CASTOR (nuclear Waste)
Dry cask storage is a method of storing high-level radioactive waste, such as spent nuclear fuel that has already been cooled in the spent fuel pool for at least one year. These casks are typically steel cylinders that are either welded or bolted closed. When inside, the fuel rods are surrounded by inert gas. Ideally, the steel cylinder provides leak-tight containment of the spent fuel. Each cylinder is surrounded by additional steel, concrete, or other material to provide radiation shielding to workers and members of the public. Some of the cask designs can be used for both storage and transportation. Three companies Holtec Intl, NAC Intl. and Areva-Transnuclear NUHOMS are marketing Independent Spent Fuel Storage Installations (ISFSI's) based upon an unshielded muti purpose caniste which is transported and store in on-site vertical or horizontal shielded storage modules constructed of steel and concrete.These systems are in-place and operational at a number of utility sites.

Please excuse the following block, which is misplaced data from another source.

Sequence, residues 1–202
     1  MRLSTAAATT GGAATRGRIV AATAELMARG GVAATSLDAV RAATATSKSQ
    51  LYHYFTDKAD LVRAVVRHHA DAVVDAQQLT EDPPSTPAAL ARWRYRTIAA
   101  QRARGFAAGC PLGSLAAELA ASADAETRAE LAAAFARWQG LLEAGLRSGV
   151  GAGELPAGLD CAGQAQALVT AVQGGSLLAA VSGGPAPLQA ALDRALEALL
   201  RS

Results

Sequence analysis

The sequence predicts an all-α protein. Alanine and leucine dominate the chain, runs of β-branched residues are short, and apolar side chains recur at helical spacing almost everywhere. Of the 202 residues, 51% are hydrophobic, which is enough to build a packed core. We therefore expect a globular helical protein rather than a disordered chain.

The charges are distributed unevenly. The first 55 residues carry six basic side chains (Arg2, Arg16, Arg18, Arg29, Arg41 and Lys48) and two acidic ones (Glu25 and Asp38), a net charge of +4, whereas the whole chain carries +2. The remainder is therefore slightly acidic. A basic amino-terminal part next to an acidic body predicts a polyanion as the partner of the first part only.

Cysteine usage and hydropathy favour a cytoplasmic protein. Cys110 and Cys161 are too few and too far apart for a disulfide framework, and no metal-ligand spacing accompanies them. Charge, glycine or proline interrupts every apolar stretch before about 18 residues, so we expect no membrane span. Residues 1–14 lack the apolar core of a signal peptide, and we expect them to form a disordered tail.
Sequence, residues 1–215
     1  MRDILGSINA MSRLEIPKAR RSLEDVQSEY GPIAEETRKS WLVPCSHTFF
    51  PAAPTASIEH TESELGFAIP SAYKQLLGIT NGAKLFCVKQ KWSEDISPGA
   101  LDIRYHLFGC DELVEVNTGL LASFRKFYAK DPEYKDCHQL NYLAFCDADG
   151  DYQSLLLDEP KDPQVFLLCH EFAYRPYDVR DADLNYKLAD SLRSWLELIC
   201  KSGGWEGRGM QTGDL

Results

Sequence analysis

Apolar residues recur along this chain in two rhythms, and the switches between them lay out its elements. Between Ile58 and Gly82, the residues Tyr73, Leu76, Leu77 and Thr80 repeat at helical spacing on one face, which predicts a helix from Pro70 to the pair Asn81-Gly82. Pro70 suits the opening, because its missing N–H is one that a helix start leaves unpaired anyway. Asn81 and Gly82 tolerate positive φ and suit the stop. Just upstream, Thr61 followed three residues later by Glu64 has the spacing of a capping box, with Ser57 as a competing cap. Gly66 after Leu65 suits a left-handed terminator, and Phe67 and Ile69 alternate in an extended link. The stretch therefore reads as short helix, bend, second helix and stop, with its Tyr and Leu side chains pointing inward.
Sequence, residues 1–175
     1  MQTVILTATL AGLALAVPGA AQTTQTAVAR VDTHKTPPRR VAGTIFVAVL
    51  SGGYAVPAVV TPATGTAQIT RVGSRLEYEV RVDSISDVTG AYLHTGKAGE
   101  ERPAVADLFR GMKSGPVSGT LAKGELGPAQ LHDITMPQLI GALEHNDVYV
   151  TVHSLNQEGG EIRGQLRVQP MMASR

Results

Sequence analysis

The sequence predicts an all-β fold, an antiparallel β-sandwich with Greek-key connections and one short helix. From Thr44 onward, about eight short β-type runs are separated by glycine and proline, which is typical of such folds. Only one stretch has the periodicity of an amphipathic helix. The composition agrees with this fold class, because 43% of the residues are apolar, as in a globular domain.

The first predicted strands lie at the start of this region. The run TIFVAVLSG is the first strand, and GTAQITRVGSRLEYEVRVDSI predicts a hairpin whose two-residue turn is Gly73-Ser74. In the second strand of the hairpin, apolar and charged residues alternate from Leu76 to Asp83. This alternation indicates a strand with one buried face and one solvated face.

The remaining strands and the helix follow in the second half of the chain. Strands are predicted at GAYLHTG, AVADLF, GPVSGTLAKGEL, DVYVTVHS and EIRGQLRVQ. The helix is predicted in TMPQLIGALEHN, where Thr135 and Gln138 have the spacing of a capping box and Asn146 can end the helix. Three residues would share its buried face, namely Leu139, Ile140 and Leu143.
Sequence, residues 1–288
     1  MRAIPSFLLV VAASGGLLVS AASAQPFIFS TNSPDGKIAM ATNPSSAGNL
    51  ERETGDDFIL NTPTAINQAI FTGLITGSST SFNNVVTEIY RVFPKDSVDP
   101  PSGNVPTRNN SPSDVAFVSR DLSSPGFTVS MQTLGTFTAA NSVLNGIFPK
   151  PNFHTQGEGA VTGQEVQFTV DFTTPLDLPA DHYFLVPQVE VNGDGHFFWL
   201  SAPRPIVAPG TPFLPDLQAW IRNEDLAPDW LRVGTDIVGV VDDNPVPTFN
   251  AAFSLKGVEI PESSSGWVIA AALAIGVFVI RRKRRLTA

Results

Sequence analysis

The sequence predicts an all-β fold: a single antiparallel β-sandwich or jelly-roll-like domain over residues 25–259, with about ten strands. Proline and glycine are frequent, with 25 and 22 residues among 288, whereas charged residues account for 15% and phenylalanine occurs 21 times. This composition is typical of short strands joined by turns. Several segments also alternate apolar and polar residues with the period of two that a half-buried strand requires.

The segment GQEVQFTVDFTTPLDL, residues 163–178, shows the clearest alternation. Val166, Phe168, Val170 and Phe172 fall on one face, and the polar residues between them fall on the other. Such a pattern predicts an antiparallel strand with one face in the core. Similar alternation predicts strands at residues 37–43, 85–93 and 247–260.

There are various dry storage cask system designs. With some designs, the steel cylinders containing the fuel are placed vertically in a concrete vault; other designs orient the cylinders horizontally. The concrete vaults provide the radiation shielding. Other cask designs orient the steel cylinder vertically on a concrete pad at a dry cask storage site and use both metal and concrete outer cylinders for radiation shielding. Currently there is no long term permanent storage facility, dry cask storage is designed as an interim safer solution than spent pool storage.
The containers are also known as castor containers, which is an acronym for "cask for storage and transport of radioactive material". CASTOR is a tradename of the Gesellschaft für Nuklear-Service, a company for nuclear services.
Read more about CASTOR (nuclear Waste): Usage
Other articles related to "castor":
... Spent fuel from the now-closed Ignalina Nuclear Power Plant was placed in CASTORand CONSTOR storage casks during the 2000s ...